Workers from Amazon and their subsidiary Whole Foods are continuing to strike because of health and safety concerns relating to the coronavirus pandemic.
But it comes as no surprise that Amazon and Jeff Bezos are once again on the wrong side of employee welfare.
In July 2019, the GMB trade union in the UK coordinated a series of demonstrations outside Amazon's UK warehouses, in response to more than 600 complaints made to the Health and Safety Executive about health and safety breaches by Jeff Bezos's company.
The situation was so bad that workers at the warehouses were terrified to to leave their stations to use the toilet, and therefore routinely urinated in plastic bottles.
Even pregnant women were not exempt from the harsh regime in the warehouses, with some having to stand for very long periods unable to sit down, and subsequently targeted for dismissal because they couldn't cope with the environment.
But the cruel conditions are not just confined to people working in the warehouses, they also extend to van drivers who sometimes deliver up to 200 packages to homes and businesses every day. Drivers are treated like machines that can be programmed to go on working indefinitely without getting fatigued.
It is normal practice with other delivery companies that if a customer is not at home and misses the delivery, the driver leaves a calling card informing the customer that the driver will attempt the delivery the next day.
However, Amazon drivers on their way home after a long shift, come under pressure from their managers to revisit addresses, even though the drivers had left cards informing the customer that they were going to try again the next day.
These tough and sometimes impossible demands on Jeff Bezos's employees at the lower end of the organization - workers at Whole Foods or drivers and warehouse staff at Amazon - appears to be an extension of the culture established by Jeff Bezos. He has been described by people who worked for him as very difficult, rude, petulant and patronizing to his employees.
How an employer treats his or her employees is usually an instructive insight into their character, and it's up to others to draw their own conclusions about Jeff Bezos.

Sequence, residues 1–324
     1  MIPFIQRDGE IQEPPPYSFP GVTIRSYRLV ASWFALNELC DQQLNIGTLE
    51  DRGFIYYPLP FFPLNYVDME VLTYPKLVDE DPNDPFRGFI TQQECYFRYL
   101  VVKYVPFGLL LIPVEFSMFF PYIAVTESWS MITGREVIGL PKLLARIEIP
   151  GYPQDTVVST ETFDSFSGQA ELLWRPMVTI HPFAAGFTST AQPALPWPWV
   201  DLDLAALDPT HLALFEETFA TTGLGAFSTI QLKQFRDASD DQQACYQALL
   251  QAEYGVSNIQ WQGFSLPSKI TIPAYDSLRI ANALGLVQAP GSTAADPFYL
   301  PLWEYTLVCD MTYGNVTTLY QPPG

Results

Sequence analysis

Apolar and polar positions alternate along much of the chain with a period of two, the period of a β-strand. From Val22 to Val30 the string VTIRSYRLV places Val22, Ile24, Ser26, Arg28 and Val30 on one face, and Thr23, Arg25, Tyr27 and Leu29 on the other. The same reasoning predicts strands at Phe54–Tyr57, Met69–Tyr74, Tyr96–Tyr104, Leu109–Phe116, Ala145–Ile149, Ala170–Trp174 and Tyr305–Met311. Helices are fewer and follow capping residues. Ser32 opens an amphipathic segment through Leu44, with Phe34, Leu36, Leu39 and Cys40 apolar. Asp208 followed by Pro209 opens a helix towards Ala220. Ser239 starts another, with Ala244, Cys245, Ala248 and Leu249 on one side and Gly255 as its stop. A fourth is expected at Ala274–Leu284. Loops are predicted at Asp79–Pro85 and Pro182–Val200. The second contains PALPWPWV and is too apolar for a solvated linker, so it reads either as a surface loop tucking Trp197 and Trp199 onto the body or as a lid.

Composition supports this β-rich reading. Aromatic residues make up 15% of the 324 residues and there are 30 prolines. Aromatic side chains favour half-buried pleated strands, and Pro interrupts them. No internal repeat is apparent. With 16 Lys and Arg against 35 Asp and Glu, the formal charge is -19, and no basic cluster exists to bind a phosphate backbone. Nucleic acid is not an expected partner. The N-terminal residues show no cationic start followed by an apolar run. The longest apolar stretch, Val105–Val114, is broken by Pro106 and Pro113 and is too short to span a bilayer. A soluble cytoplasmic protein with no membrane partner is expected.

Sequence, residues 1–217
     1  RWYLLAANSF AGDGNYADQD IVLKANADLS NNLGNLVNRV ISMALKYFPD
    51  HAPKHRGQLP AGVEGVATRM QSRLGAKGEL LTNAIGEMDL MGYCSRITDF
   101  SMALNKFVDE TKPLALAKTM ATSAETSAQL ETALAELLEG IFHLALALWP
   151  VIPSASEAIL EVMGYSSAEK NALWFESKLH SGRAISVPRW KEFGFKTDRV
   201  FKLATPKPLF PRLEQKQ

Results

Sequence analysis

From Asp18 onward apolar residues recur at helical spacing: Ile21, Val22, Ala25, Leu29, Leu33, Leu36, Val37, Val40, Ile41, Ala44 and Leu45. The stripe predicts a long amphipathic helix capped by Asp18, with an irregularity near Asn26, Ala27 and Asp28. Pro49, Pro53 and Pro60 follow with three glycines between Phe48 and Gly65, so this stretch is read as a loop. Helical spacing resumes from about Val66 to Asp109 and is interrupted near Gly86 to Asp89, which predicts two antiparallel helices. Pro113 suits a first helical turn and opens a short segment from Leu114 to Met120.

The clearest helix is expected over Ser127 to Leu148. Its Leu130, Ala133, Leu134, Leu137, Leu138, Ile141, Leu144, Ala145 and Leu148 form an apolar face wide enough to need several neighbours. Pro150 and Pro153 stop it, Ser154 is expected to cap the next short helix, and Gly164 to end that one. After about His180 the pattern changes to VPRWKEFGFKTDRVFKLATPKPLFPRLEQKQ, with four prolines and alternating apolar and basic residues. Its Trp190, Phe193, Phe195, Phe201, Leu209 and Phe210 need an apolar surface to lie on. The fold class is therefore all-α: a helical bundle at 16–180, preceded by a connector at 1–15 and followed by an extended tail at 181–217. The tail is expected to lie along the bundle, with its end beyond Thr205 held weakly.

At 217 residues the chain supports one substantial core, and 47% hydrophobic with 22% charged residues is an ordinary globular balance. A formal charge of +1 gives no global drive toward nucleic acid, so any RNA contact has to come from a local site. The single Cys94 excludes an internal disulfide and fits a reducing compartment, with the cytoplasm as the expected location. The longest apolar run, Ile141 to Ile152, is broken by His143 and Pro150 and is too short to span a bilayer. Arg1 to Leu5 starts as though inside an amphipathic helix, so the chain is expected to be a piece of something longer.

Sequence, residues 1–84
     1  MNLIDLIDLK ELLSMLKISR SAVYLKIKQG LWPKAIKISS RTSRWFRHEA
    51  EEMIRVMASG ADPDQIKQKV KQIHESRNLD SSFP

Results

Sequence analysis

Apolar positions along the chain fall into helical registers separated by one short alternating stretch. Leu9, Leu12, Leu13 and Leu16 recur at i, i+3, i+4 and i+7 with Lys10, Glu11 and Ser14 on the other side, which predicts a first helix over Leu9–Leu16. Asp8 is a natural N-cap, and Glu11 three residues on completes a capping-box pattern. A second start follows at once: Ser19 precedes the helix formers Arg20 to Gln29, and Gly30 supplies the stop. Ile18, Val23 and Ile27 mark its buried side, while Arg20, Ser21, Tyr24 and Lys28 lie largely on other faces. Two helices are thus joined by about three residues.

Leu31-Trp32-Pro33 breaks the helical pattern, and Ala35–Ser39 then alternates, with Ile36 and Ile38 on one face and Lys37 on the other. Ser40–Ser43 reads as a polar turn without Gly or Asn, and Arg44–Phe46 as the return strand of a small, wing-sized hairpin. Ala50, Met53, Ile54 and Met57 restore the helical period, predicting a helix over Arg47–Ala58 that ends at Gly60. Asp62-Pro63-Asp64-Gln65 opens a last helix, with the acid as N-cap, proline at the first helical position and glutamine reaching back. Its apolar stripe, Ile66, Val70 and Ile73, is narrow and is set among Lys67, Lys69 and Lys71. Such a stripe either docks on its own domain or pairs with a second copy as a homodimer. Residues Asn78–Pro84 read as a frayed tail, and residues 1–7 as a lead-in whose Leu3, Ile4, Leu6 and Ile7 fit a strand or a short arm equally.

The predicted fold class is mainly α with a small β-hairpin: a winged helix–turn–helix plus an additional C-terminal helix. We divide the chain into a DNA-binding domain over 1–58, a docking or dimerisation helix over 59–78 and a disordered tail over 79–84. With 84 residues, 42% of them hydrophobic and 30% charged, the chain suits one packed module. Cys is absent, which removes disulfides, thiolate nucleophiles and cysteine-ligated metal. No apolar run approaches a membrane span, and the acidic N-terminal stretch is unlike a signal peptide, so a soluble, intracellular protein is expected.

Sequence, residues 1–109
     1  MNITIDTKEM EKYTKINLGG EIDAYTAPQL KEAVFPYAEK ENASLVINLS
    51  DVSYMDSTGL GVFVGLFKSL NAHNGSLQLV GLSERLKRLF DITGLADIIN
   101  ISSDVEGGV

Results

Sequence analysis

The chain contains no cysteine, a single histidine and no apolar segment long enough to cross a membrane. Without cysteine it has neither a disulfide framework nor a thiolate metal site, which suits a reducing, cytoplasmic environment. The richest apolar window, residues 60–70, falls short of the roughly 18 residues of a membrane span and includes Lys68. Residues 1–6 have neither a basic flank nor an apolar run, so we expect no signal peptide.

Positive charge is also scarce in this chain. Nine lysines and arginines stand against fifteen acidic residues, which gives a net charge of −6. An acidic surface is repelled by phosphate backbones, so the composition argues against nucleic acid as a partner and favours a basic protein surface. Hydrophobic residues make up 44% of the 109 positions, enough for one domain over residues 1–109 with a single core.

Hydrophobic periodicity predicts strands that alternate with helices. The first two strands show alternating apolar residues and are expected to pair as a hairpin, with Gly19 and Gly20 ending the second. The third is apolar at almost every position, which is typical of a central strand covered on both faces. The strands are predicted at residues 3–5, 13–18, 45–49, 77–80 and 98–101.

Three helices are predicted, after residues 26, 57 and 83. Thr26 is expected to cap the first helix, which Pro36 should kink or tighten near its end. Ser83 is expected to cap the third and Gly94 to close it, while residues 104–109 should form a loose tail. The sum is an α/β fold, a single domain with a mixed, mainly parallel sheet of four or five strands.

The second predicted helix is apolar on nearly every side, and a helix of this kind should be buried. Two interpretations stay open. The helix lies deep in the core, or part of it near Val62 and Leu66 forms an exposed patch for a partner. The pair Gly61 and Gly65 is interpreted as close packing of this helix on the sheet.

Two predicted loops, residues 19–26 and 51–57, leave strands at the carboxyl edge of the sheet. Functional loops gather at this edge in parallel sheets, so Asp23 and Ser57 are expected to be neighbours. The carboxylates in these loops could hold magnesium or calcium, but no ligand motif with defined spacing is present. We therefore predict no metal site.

If morality is one of the things that you place high on your list of qualities that you expect from high profile people, then are you comfortable buying things from a man who cheats on his wife and sends naked pictures of himself and his bits to his mistress?
What about the importance of social responsibility in a country where resources are pooled according to the ability to pay, in order to benefit everyone? This means paying taxes so the government can act to protect the environment and properly fund and maintain public services.
The ongoing coronavirus pandemic has demonstrated the immense importance of the NHS in saving lives and protecting the public. Other public services like the police, transport and schools have also shown how critical they are to the fabric of society and the well-being of the people.
These services all need to be well funded and their staff well paid, to ensure that they have the capacity to function effectively, especially during a crisis. The country has learnt to its cost the dangers of cutting and under-funding a service like the NHS.
Everyone has to play their part - individuals and corporations like Jeff Bezos's Amazon. However, it doesn't seem like Jeff Bezos means well for services like the NHS in particular, and the people of the UK in general, if in 2019 Amazon made £10.9 billion in the UK but paid only £220 million in direct taxes.
Jeff Bezos broke no UK tax laws, but he definitely used his resources to exploit every loophole he could find in order to pay obscenely low taxes to the UK treasury. Something most hardworking men and women in the country is unable to do, and would not wish to, because they value the NHS and other public services.
So the next time you want to buy the latest 'Alexa', or subscribe to Amazon's streaming service or order any product online from Amazon, remember that Amazon and Jeff Bezos, who is worth $122.2 billion, can afford to pay more taxes towards the NHS and other public services.
It shouldn't be up to you to bear the burden of funding the public services that also benefit Jeff Bezos, such as healthcare for his hard-pressed workers, education for their children, good roads for their deliveries, policing and security for their business and premises and modern communications networks.
Jeff Bezos must demonstrate greater social responsibility.